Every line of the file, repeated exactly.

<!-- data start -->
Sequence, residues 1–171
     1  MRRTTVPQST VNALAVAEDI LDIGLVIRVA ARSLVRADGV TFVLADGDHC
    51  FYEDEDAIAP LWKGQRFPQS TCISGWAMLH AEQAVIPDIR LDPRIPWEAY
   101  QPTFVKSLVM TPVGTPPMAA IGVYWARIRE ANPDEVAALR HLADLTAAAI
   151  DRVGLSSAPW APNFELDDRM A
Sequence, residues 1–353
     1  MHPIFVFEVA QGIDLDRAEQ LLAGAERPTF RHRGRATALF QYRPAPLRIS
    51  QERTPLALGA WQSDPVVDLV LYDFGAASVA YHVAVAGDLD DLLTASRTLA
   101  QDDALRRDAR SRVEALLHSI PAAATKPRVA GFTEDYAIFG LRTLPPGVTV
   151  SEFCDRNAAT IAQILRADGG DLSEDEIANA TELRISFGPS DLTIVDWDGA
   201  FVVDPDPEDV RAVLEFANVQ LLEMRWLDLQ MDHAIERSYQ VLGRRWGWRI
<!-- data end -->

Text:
Sequence, residues 1–171
     1  MRRTTVPQST VNALAVAEDI LDIGLVIRVA ARSLVRADGV TFVLADGDHC
    51  FYEDEDAIAP LWKGQRFPQS TCISGWAMLH AEQAVIPDIR LDPRIPWEAY
   101  QPTFVKSLVM TPVGTPPMAA IGVYWARIRE ANPDEVAALR HLADLTAAAI
   151  DRVGLSSAPW APNFELDDRM A
Sequence, residues 1–353
     1  MHPIFVFEVA QGIDLDRAEQ LLAGAERPTF RHRGRATALF QYRPAPLRIS
    51  QERTPLALGA WQSDPVVDLV LYDFGAASVA YHVAVAGDLD DLLTASRTLA
   101  QDDALRRDAR SRVEALLHSI PAAATKPRVA GFTEDYAIFG LRTLPPGVTV
   151  SEFCDRNAAT IAQILRADGG DLSEDEIANA TELRISFGPS DLTIVDWDGA
   201  FVVDPDPEDV RAVLEFANVQ LLEMRWLDLQ MDHAIERSYQ VLGRRWGWRI